The East Midlands and West Midlands Regions of England
|Sovereign state||United Kingdom|
|Time zone||GMT (UTC)|
|• Summer (DST)||BST (UTC+1)|
The Midlands is an area spanning central England that broadly corresponds to the early medieval Kingdom of Mercia. It borders South East England, South West England, North West England, Yorkshire and Humber, East of England and Wales. Its largest city is Birmingham, and it was an important location for the Industrial Revolution of the 18th and 19th centuries. The greater part of the area is now administered as the Government Office Regions of the West Midlands and East Midlands.
The Midlands does not correspond to any current administrative area, and there is therefore no strict definition. However, it is generally considered to include the counties of Derbyshire, Herefordshire, Leicestershire, Northamptonshire, Nottinghamshire, Rutland, Shropshire, Staffordshire, Warwickshire, the West Midlands metropolitan boroughs and Worcestershire. Lincolnshire is considered by some part of the Midlands but generally excluded, on account of its extensive coastline.
With more restricted boundaries than the traditional area known as the Midlands, two modern Government Office Regions together represent the latter: West Midlands and East Midlands. These are also constituencies of the European Parliament.
The West Midlands region comprises the shire counties of (1) Staffordshire, (2) Warwickshire and (3) Worcestershire (with their respective districts), the unitary counties of (4) Herefordshire and (5) Shropshire, the metropolitan boroughs of (6) Birmingham, (7) Coventry, (8) Dudley, (9) Sandwell, (10) Solihull, (11) Walsall and (12) Wolverhampton, and the unitary boroughs of (13) Stoke-on-Trent and (14) Telford and Wrekin. The East Midlands region comprises the shire counties of (15) Derbyshire, (16) Leicestershire, (17) Lincolnshire, (18) Northamptonshire and (19) Nottinghamshire (with their respective districts) and the unitary county of (20) Rutland. The two regions have a combined population of 9,439,516 (2001 census), and an area of 11,053 sq mi (28,631 km²).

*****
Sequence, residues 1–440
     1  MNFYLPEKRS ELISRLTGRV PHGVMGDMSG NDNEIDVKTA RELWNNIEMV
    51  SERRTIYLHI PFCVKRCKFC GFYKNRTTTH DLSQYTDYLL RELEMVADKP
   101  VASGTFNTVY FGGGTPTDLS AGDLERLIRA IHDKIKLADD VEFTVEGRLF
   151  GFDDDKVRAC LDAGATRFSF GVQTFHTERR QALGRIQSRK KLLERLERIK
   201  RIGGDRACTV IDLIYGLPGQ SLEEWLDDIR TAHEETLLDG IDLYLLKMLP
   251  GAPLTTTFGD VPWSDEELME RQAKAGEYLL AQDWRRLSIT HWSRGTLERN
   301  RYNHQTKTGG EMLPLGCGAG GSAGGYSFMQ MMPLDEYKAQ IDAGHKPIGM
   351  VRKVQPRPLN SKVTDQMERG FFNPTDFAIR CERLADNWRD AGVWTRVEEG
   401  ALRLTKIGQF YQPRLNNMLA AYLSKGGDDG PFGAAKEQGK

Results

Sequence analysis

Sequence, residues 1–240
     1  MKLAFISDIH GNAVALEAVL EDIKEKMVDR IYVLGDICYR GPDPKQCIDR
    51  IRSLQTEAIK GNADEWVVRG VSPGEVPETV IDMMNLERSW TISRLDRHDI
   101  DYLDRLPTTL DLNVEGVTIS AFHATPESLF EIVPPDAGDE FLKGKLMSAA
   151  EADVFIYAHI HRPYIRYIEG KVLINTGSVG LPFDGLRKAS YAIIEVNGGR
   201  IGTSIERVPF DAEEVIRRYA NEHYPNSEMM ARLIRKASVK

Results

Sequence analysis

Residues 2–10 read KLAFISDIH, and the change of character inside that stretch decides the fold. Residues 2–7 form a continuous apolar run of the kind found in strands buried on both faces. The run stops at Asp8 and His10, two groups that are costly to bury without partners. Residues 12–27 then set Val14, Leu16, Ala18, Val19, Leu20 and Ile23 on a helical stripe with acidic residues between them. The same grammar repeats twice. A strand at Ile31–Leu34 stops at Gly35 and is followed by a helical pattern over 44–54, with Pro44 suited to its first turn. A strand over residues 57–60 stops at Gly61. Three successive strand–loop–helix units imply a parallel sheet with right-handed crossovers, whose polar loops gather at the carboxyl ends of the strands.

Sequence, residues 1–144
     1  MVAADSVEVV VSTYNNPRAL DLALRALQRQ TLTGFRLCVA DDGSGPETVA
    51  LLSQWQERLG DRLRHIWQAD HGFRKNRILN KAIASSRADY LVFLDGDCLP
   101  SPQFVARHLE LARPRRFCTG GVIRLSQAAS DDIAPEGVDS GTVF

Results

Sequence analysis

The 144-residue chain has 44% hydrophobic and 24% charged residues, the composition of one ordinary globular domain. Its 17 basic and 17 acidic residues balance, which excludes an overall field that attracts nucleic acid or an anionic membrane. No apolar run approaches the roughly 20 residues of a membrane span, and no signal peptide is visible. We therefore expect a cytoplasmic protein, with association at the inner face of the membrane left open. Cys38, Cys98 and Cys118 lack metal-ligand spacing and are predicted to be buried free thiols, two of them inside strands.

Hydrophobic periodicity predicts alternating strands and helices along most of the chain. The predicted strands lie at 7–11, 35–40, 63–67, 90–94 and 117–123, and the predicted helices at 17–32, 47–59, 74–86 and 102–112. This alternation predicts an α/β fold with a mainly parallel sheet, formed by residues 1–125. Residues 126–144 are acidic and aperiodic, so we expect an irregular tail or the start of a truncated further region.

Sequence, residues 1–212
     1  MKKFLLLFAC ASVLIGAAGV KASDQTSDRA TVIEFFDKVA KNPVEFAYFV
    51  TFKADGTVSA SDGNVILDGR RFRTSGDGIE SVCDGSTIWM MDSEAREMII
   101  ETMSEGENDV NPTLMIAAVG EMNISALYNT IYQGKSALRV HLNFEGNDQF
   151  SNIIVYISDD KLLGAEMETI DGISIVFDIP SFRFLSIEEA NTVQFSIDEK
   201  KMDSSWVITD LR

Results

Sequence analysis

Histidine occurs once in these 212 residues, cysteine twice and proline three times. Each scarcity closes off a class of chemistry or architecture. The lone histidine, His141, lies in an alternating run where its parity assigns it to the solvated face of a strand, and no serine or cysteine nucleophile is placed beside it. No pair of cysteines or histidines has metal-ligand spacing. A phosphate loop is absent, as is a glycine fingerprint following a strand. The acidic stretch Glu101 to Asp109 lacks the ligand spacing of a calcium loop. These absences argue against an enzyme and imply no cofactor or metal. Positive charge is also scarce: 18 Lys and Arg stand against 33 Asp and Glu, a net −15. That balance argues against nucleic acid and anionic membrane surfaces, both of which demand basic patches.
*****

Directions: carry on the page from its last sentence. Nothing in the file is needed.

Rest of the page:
The largest Midlands conurbation, which includes the cities of Birmingham and Wolverhampton, is approximately covered by the metropolitan county (which also includes the city of Coventry) of the West Midlands. Parts of the East Midlands are also densely populated, particularly the triangle formed by the cities of Nottingham, Leicester and Derby, which also includes sizeable towns such as Loughborough and the Long Eaton–Beeston–Stapleford subconurbation.
Various part of the Midlands (particularly Warwickshire and Leicestershire) are somewhat poetically referred to as the Heart of England, especially in tourist literature.
The various areas of the Midlands have their own distinctive character, giving rise to a high number of local history and industrial heritage groups. Nottingham played a notable part in the English Civil War, which is commemorated in a number of place names (Parliament Terrace, Parliament Street, Standard Hill). Areas such as Derbyshire's Amber Valley and Erewash combine attractive countryside with industrial heritage and are home to historic canals and sites associated with the mining industry.The Black Country, broadly the boroughs of Dudley, Sandwell, Wolverhampton and Walsall, played an important part in the Industrial Revolution.